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Stillbirth and Community Care

The UK has one of the slowest rates of decline for stillbirth among high income countries and parts of the West Midlands have some of the highest stillbirth rates in the UK.

Both late pregnancy loss and stillbirth carry substantial psychological and social costs to families and wider society, and rates are highest in women from Black and Asian communities, and those living in socioeconomic deprivation. Black women are twice as likely to experience a stillbirth than White women, and stillbirth rates amongst the socioeconomically most deprived are 4.68 per 1000 live births compared to 2.61 per 1000 for the least deprived. Furthermore COVID-19 has widened health inequalities, an important factor in stillbirth.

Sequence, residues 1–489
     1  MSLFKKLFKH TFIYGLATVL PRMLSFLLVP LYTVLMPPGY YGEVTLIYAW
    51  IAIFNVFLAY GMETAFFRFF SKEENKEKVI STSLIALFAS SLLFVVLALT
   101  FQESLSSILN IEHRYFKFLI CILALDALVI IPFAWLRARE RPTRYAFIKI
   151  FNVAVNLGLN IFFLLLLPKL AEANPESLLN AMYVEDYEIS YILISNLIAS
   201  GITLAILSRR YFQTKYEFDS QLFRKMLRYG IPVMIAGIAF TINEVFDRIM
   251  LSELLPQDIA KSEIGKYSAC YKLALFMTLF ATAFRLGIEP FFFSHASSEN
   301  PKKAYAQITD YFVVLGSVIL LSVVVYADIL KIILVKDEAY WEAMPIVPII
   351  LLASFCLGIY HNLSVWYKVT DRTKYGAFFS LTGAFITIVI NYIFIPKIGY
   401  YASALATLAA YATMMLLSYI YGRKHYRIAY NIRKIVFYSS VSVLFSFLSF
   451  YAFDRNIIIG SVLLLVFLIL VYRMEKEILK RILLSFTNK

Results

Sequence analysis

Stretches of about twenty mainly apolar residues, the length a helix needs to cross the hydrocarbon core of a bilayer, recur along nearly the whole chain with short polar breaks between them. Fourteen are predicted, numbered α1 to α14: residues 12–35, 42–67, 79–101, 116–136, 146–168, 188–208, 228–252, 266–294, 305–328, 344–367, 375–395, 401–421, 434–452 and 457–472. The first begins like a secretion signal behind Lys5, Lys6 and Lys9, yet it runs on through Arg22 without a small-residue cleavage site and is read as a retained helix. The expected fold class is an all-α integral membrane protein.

This project will create the capacity and infrastructure for further substantial work to be carried out in the West Midlands addressing care in the community following a stillbirth.

Funded by

West Mids CRN NIHR

Research team members:

Sarah Hillman, Becky MacGregor, Catherine Grimley, Eleanor Hoverd, Sophie Staniszewska, Siobhan Quenby, Debra Bick, Jeremy Dale


South Asian Health foundation, Egality, Foleshill Women’s Training


May 2022 to April 2023


Dr Sarah Hillman

s dot hillman at warwick dot ac dot uk

You can read the End of Project Stakeholder Report here.Link opens in a new window

You can view the Infographic here.Link opens in a new window